Italian Almond pasteDunk,
can't say anything about German Marzipan, but Italian style almond paste and marzipan are very, very easy to make! I'm not a professional baker, but when I need some almond paste I always make it at home and the result is almost as good as the commercially available products.
The only real difference is that the homemade almond paste ends up a little greyish and not as white as the professional products, but it's due to the fact that they use a special machine called "sbiancatrice". In any case, this is not a great problem as you're usually supposed to color it or add to other ingredients...
Briefly, these are the recipes:
Each 20 oz almonds (shelled and peeled):
-10 oz sugar
-1 fresh egg white, or less
-Blend the almonds and sugar in a food processor to a smooth paste, with many few seconds shots (be careful to avoid heating the mixture, or the almonds will throw out their oil)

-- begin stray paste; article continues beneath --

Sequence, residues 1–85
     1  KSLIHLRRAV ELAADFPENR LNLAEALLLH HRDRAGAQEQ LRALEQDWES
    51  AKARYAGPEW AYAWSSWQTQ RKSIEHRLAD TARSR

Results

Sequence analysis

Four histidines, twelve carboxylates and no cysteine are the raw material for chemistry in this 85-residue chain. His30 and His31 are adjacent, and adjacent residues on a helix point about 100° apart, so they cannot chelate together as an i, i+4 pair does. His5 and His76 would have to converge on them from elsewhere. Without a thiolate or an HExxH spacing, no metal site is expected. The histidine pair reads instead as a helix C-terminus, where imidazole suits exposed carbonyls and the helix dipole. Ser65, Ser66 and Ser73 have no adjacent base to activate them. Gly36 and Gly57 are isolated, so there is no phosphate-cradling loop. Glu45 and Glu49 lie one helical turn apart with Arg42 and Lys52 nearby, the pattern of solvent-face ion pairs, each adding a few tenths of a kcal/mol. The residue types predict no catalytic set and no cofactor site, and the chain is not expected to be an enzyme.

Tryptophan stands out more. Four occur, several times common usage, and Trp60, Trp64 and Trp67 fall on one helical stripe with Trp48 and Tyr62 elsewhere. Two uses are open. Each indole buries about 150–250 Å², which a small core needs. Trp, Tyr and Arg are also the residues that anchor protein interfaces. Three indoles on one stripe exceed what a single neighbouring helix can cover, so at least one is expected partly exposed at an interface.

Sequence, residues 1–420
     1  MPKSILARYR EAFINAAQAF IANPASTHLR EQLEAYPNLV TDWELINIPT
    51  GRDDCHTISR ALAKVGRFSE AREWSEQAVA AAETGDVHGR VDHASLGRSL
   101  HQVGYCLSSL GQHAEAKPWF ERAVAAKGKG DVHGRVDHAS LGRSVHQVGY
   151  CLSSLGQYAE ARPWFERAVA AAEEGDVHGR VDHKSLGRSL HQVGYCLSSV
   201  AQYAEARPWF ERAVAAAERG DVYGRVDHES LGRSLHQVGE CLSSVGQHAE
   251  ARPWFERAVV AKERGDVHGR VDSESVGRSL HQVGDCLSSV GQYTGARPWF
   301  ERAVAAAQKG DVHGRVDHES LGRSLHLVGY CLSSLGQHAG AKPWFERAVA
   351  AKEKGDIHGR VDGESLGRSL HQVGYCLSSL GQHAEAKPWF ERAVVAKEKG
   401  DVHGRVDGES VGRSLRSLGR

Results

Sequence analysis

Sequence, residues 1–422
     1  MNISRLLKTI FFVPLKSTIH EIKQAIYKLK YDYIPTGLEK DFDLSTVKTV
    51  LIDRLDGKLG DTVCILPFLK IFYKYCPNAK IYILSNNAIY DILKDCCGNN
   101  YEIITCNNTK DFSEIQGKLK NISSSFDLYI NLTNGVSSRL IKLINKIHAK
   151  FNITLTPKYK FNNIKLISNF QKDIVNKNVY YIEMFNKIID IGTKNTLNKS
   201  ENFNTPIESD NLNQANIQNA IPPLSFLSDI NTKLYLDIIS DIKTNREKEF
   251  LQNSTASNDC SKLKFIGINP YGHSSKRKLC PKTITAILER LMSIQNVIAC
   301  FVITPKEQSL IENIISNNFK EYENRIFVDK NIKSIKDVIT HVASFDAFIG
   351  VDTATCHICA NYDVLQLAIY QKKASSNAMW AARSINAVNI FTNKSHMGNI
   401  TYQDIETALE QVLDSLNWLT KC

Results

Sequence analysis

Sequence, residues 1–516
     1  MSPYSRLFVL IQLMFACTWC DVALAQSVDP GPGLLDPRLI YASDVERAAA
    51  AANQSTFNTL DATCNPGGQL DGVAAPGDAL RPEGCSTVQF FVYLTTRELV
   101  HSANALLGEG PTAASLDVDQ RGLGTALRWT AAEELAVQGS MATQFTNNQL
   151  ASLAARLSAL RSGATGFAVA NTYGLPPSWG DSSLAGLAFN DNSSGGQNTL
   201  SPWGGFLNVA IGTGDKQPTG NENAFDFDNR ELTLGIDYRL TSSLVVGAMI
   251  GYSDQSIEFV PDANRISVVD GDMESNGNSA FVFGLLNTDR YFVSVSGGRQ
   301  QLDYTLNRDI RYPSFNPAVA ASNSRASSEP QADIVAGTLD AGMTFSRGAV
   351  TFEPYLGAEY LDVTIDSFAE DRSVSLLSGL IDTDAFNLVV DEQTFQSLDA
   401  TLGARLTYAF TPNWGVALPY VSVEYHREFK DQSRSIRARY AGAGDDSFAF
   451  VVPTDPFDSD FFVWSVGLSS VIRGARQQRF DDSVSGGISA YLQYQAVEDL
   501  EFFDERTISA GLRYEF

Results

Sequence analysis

-Work the mixture by hands like a dough, gradually adding some egg white until it's very smooth. With some experience, you'll understand when stopping adding the egg white (I usually add less than 1 egg).
Each 20 oz almond paste,
from 15 to 20 oz icing sugar, according to your taste, and some more egg white if required
-Gradually add the icing sugar to the almond paste, working by hands until very smooth. Add some drops of your favourite food color (pink, pale blue and green are the most traditional)
Both almond paste and marzipan last for a couple of weeks if sealed in plastic film and refrigerated.
I usually make sweets with marzipan making small balls (about the same size of a quail egg), sticking to them walnut kernels or pieces of dried figs or dates and coating half of the sweets with melted semi-sweet chocolate. If you put the nuts or dried fruits inside, you can make small egg-shaped sweets that can be very nice as Easter presents.
When I have time and are in an artistic mood, I also have a lot of fun making the "Martorana fruits" (typical Sicilian marzipan fruits) or decorative sheets for the Cassata alla Siciliana.
Considering the high price of the commercial marzipan, I suggest you to try making it at home...you'll be surprised by the results!:)